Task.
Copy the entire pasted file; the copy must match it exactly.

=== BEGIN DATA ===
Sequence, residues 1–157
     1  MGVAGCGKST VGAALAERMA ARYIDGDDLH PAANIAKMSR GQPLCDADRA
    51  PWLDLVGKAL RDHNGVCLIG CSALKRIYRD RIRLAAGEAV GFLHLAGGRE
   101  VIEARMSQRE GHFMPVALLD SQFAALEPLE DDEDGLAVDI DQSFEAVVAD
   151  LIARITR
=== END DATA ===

Sequence, residues 1–157
     1  MGVAGCGKST VGAALAERMA ARYIDGDDLH PAANIAKMSR GQPLCDADRA
    51  PWLDLVGKAL RDHNGVCLIG CSALKRIYRD RIRLAAGEAV GFLHLAGGRE
   101  VIEARMSQRE GHFMPVALLD SQFAALEPLE DDEDGLAVDI DQSFEAVVAD
   151  LIARITR